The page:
The other blasphemous piece of advice is that I usually see little utility in unit testing MVC controllers or Windows Forms. Everytime I see someone mocking the HttpContext and testing to see if a cookie was set, I want to scream. Who cares if the AccountController set a cookie? I don't. The cookie has nothing to do with treating the controller as a black box; an integration test is what is needed to test its functionality (hmm, a call to PrivilegedArea() failed after Login() in the integration test). This way, you avoid invalidating a million useless unit tests if the format of the login cookie ever changes.

Save the unit tests for the object model, save the integration tests for the presentation layer, and avoid mock objects when possible. If mocking a particular dependency is hard, it's time to be pragmatic: just don't do the unit test and write an integration test instead and stop wasting your time.

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The simple answer is that code that you are trying to test is doing too much. I think sticking to the Single Responsibility Principle might help.

The Save button method should only contain a top-level calls to delegate things to other objects. These objects can then be abstracted through interfaces. Then when you test the Save button method, you only test the interaction with mocked objects.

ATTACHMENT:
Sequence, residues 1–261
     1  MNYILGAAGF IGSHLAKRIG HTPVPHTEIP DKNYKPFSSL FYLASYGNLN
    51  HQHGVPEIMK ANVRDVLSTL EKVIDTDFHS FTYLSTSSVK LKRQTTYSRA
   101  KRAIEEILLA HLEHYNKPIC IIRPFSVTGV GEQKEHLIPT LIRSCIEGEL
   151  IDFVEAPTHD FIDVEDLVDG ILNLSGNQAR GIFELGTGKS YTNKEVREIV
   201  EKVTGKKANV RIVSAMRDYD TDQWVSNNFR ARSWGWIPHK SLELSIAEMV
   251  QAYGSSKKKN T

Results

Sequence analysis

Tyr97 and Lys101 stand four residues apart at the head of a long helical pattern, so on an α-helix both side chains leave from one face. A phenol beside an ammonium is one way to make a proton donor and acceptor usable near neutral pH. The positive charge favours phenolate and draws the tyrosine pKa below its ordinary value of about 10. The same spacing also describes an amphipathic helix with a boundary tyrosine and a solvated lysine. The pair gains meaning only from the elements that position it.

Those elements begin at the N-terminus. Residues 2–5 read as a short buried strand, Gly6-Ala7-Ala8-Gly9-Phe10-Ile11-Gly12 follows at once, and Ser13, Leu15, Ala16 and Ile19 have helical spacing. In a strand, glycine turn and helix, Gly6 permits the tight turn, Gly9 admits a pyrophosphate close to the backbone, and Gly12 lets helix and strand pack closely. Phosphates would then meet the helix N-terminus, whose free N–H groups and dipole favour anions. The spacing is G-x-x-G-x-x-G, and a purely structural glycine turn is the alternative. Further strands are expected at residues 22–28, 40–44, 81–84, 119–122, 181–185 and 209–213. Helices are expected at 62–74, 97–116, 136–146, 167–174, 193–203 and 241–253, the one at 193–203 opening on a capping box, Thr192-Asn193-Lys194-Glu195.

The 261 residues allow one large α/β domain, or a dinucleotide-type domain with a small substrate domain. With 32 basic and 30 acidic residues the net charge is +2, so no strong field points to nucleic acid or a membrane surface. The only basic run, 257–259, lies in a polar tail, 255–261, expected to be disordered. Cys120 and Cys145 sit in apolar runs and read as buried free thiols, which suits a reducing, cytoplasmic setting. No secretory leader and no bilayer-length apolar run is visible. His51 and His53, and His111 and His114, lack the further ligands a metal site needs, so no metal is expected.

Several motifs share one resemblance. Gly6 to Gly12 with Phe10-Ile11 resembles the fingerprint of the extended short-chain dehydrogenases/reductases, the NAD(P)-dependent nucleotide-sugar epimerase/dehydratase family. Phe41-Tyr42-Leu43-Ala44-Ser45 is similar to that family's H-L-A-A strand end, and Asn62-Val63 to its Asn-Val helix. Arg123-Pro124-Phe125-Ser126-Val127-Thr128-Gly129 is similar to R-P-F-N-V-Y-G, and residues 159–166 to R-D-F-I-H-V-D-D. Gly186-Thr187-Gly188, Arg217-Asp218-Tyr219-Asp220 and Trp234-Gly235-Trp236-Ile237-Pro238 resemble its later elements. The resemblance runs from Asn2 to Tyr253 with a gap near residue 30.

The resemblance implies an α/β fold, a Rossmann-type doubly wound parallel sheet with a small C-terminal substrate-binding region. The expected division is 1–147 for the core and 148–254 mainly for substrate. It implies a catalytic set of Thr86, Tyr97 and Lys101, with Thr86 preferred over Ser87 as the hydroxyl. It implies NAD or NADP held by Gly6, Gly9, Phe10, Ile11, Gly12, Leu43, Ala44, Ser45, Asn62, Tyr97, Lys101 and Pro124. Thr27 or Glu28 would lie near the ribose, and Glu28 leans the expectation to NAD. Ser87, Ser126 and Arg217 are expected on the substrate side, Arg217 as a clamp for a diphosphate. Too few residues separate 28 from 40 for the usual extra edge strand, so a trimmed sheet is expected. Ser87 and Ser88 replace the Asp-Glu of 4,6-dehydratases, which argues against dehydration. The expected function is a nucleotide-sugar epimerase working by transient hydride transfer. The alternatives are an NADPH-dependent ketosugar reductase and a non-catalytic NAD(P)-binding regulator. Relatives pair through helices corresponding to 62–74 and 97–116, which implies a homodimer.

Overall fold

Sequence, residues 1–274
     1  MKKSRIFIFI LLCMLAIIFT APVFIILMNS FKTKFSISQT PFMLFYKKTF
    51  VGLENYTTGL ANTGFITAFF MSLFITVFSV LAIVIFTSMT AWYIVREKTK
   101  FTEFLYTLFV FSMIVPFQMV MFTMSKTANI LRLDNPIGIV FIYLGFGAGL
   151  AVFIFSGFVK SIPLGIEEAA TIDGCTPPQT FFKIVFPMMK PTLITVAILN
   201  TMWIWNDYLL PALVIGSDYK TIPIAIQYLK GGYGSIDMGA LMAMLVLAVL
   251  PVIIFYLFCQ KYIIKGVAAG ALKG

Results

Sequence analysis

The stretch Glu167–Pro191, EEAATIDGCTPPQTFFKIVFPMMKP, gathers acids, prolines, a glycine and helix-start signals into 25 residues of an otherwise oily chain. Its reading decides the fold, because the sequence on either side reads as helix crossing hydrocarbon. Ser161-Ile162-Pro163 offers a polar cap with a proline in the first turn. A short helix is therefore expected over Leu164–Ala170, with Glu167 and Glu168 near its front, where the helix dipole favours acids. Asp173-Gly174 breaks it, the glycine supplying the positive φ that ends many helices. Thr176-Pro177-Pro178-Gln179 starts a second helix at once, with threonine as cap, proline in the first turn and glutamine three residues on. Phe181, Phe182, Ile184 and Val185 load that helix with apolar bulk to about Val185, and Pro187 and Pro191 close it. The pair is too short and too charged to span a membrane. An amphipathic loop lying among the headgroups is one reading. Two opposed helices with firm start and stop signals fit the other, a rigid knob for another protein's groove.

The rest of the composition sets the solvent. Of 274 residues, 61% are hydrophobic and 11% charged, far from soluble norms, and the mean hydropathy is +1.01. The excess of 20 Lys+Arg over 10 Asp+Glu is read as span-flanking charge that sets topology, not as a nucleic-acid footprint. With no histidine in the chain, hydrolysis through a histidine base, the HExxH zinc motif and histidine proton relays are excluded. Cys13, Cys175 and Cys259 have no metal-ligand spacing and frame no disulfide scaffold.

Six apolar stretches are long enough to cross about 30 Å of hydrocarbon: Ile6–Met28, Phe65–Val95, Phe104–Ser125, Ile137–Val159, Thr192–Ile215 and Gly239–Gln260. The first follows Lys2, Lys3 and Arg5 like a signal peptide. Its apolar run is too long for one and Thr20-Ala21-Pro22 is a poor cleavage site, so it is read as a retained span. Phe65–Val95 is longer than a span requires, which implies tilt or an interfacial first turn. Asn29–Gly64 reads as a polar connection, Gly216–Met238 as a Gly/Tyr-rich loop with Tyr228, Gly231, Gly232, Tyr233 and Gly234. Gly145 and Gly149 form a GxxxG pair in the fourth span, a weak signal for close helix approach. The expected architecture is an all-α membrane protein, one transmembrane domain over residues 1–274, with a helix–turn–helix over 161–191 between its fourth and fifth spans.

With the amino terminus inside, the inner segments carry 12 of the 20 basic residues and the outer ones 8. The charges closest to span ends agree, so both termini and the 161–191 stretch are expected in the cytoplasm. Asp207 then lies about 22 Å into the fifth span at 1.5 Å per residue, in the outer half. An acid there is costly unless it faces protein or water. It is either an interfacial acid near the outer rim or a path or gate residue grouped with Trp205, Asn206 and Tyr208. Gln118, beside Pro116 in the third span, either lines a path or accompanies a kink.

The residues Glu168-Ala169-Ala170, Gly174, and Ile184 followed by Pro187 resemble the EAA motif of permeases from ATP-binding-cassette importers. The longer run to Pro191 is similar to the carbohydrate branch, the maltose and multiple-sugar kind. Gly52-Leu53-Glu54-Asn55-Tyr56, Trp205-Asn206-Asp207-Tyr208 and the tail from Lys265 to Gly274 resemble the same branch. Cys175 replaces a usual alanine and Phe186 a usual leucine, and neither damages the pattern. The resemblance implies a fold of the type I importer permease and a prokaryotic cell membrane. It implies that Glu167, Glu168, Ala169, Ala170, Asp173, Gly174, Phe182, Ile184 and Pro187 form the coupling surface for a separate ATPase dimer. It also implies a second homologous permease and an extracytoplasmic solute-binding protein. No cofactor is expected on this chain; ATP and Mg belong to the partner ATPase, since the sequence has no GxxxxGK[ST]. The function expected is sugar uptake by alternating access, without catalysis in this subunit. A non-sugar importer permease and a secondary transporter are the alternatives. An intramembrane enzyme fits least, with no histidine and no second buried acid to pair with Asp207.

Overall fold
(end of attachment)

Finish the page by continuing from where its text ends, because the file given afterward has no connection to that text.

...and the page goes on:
The next step is to write tests to these lower-level classes, but thing should get easier since you only test these in isolation. If you need a complex test setup code, this is a good indicator of a bad design (or a bad testing approach).

Recommended reading:

  1. Clean Code: A Handbook of Agile Software Craftsmanship
  2. Google's guide to writing testable code
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Constructor DI isn't the only way to do DI. Since you're using C#, if your constructor does no significant work you could use Property DI. That simplifies things greatly in terms of your object's constructors at the expense of complexity in your function. Your function must check for the nullity of any dependent properties and throw InvalidOperation if they're null, before it begins work.

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disagree, making it property based doesn't simplifies, just hides the complexity. –  eglasius Mar 3 '09 at 15:41
    
Well, by simplifies, I mean that it allows you to transfer the complexity from one location to another. That may actually simplify things in terms of testing or other aspects of the system, allowing you to deal with simpler portions in smaller chunks. –  Randolpho Mar 3 '09 at 15:46
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When it is hard to test something, it is usually symptom of the code quality, that the code is not testable (mentioned in this podcast, IIRC). The recommendation is to refactor the code so that the code will be easy to test. Some heuristics for deciding how to split the code into classes are the SRP and OCP. For more specific instructions, it would be necessary to see the code in question.